With its diverse array of peoples and cultures scattered across more than 7,000 islands, the Philippines is a place where wedding traditions come in all shapes and sizes. While some couples opt for large, traditional Catholic ceremonies, others choose more intimate, non-denominational affairs. But no matter the style, one thing is certain: Filipino weddings are steeped in a deep sense of family and community.
As leading event stylist Teddy Manuel puts it, “A Filipino wedding is an extravagant and joyous event where you can see the strong bond of family and friends. More than a ceremony, it is a celebration that reunites extended relatives and celebrates the union of two people in love.
As tradition dictates, this occasion radiates with grandeur, elegance, and charm – all of which add to the beauty of the moment. Every detail is carefully considered, from styling, culinary delights to fanfare that best encapsulates this milestone. All these are intertwined together to make every Filipino wedding a truly memorable one.”
Customs, Religions, and Traditions
From the pre-wedding rituals to the wedding ceremony itself, there are many customs and traditions that are still practiced today, often with a blend of Catholic and indigenous beliefs. These customs and traditions add a unique flavor to a Filipino wedding and make them a truly special and memorable occasion.
- Pamamanhikan: Pre-wedding pamamanhikan, where the groom’s family formally asks the bride’s family for her hand in marriage.
- Arrhae: During the ceremony, it’s common for the bride and groom to exchange wedding coins, known as arrhae, as a symbol of their commitment to one another.
- Cord and veil: Religion plays a significant role in Filipino weddings, with many couples choosing to have a Catholic ceremony. It is also common for the bride and groom to participate in a traditional cord and veil ceremony, which symbolizes their unity as a couple.
- Unity candle: In a Catholic wedding ceremony, the bride and groom may light a unity candle together, representing their union as one in the eyes of God.
- Sponsor couples: Filipino weddings often involve sponsor couples or “ninongs” and “ninangs,” who are chosen by the bride and groom to act as mentors or godparents. These sponsors often provide financial support and guidance throughout the couple’s married life.
Teddy Manuel, one of the Philippines’ leading event stylists, couldn’t have said it better: “the Philippines is undoubtedly a beautiful archipelago with lots of hidden wedding-worth places.” For those seeking a sun-kissed celebration, a beach wedding in the idyllic Boracay or Palawan is the ultimate way to exchange vows against a backdrop of glistening turquoise waters and golden sands.
If you’re more of a traditionalist at heart, a Catholic wedding in one of the country’s historic churches is an ideal option. These centuries-old architectural masterpieces offer a sense of heritage and splendor that is truly unforgettable.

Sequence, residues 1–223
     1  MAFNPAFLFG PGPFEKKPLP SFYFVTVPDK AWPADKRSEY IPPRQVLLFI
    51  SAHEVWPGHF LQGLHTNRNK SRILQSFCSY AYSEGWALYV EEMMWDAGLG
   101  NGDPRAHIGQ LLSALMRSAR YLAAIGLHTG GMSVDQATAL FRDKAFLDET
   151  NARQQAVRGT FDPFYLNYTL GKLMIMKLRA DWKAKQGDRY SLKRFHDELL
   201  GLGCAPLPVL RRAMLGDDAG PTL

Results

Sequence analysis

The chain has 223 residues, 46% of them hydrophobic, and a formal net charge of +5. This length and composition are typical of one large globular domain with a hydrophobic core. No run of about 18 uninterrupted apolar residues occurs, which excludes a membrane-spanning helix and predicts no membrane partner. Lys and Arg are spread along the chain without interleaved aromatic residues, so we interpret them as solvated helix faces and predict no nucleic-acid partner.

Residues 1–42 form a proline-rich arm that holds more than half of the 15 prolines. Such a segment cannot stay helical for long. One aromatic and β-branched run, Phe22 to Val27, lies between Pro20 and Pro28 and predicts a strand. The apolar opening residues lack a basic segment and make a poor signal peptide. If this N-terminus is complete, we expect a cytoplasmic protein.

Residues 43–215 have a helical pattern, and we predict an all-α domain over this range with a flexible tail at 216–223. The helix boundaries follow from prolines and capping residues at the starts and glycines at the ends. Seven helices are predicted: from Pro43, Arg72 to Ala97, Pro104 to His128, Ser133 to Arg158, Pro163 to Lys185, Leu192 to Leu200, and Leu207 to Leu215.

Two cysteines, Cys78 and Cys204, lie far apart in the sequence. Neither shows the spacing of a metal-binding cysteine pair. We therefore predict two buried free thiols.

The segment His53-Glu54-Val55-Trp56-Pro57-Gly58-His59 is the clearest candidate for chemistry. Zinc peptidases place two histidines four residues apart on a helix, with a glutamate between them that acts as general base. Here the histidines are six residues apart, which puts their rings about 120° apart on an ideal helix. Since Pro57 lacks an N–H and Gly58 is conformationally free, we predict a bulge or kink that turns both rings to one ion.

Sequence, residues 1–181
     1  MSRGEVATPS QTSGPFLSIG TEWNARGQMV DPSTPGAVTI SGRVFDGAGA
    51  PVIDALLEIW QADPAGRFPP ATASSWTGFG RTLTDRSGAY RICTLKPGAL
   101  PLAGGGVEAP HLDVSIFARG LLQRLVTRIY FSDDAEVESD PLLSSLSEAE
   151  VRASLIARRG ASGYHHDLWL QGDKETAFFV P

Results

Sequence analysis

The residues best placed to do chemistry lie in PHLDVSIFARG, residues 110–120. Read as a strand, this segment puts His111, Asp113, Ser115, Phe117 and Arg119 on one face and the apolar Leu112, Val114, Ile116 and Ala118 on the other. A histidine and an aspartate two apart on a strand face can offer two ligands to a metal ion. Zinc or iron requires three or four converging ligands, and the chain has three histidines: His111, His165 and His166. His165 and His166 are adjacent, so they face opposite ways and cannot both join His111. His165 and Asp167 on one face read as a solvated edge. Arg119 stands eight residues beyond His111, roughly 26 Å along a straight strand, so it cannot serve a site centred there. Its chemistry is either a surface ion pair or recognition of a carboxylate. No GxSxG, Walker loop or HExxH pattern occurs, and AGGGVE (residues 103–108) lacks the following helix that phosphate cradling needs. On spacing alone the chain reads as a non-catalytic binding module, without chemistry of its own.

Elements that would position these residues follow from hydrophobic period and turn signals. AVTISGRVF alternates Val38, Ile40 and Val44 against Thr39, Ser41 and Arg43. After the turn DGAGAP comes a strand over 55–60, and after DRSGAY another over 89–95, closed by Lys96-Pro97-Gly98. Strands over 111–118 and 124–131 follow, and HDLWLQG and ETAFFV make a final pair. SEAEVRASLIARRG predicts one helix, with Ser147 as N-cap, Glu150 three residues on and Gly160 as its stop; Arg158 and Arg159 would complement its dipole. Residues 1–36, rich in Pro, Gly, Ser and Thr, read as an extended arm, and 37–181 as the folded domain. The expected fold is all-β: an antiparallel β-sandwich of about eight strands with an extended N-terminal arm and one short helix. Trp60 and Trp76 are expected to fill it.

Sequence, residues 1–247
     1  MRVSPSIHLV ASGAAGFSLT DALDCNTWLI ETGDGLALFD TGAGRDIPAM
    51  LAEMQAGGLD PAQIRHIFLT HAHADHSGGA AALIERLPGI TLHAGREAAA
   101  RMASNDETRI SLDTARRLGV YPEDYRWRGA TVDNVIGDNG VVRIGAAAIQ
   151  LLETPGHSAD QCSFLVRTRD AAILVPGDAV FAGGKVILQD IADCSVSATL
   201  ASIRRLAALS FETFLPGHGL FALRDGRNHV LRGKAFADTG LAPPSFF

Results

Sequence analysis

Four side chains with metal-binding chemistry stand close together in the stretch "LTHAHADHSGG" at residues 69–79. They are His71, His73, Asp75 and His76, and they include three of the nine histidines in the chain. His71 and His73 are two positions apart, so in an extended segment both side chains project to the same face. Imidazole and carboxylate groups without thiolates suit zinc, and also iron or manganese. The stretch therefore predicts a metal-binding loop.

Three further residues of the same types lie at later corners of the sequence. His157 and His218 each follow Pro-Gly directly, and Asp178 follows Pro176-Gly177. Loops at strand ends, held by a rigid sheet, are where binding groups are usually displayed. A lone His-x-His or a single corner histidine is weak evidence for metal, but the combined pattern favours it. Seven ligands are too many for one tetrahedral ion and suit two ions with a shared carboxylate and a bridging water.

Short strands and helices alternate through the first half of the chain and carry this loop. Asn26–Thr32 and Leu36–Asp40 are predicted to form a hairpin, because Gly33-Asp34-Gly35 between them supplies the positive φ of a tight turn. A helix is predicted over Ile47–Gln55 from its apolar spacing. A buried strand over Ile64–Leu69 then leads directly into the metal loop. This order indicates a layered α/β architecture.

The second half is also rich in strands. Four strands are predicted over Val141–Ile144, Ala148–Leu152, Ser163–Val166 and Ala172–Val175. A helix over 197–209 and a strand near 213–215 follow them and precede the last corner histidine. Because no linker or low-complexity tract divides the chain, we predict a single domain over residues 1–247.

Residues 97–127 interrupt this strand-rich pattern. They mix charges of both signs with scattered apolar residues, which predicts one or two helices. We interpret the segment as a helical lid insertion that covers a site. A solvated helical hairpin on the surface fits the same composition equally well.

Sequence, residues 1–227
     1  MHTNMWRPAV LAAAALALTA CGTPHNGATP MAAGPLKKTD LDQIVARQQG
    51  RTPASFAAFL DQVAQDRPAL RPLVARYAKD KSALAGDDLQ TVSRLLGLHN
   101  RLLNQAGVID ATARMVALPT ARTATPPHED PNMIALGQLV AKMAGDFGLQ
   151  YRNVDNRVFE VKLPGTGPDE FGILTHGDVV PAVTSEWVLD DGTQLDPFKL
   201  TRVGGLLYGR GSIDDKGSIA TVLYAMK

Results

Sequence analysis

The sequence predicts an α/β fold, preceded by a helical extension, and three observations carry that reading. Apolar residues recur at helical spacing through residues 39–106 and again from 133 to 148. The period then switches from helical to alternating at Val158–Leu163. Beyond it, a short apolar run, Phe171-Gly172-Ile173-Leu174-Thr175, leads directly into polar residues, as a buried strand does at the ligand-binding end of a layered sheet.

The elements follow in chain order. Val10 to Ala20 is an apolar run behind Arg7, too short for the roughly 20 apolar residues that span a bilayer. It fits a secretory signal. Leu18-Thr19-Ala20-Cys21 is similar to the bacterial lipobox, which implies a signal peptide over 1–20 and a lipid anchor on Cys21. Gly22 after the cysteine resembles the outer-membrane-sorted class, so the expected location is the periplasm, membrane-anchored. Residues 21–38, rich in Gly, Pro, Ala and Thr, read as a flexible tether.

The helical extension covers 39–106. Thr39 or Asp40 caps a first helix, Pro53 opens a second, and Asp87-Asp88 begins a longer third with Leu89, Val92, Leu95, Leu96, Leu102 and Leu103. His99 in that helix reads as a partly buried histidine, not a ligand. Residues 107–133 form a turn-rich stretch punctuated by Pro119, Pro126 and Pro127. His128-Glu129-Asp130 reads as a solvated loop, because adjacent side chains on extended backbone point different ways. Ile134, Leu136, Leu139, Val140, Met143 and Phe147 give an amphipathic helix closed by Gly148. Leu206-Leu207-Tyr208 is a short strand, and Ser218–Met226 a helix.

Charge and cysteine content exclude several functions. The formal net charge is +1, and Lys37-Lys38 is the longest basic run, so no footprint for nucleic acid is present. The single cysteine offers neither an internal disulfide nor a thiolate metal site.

For those who crave a more metropolitan setting, the city offers an endless selection of venues that cater to grand weddings. From lavish ballrooms to chic rooftop venues, the city has something to satisfy every taste and style.
Bride and Groom Wedding Ensemble
Filipino brides often wear a white wedding gown, however, traditional Filipino wedding attire for women includes a formal dress called a “terno” or “maria clara,” which features intricate embroidery and butterfly sleeves. The dress is often made of delicate fabrics like piña or jusi, and is usually paired with a veil or a floral headpiece.
The groom, on the other hand, typically wears a formal Barong Tagalog shirt, which is often made of lightweight materials like piña or jusi. This traditional Filipino shirt is typically embroidered and worn untucked over black pants. The groom may also wear a formal suit or tuxedo if he prefers a more Western look.
Dance and celebrations
Filipino weddings are known for their festive celebrations, with lively music and dancing playing a central role. It’s common for the newlyweds to share a first dance together, and for guests to join in the dancing as the night goes on. The money dance is also a popular tradition, where guests pin money onto the bride and groom’s clothing as a gift.
The Filipino wedding tradition of showering the couple with rice dates back centuries and continues to be practiced today. Guests will often throw rice at the church exit, during the reception, or when the newlyweds arrive at their home. This act is believed to bring good luck and blessings to the couple. In modern times, biodegradable confetti is sometimes used as a more eco-friendly alternative.
Filipino weddings often feature a wide array of delicious food, including traditional dishes such as adobo, lechon, and lumpia. You can’t forget desserts like ‘kakanin’ or sticky rice cakes, buko pandan, and taho. It’s common for the wedding reception to be a feast, with guests encouraged to help themselves to the food.
Planning a Filipino wedding involves incorporating rich cultural traditions and customs that have been passed down through generations. From the delicious food to the lively music and dancing, a Filipino wedding is a celebration of love, family, and community. By understanding these traditions and customs, you can create an unforgettable event that reflects your heritage and celebrates your unique love story.
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